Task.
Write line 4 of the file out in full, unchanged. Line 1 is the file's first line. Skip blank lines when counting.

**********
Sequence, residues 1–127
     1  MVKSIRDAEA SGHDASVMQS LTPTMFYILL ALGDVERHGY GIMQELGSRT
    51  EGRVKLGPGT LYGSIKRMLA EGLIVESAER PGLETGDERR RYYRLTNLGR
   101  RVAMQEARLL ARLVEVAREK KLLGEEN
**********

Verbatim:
   101  RVAMQEARLL ARLVEVAREK KLLGEEN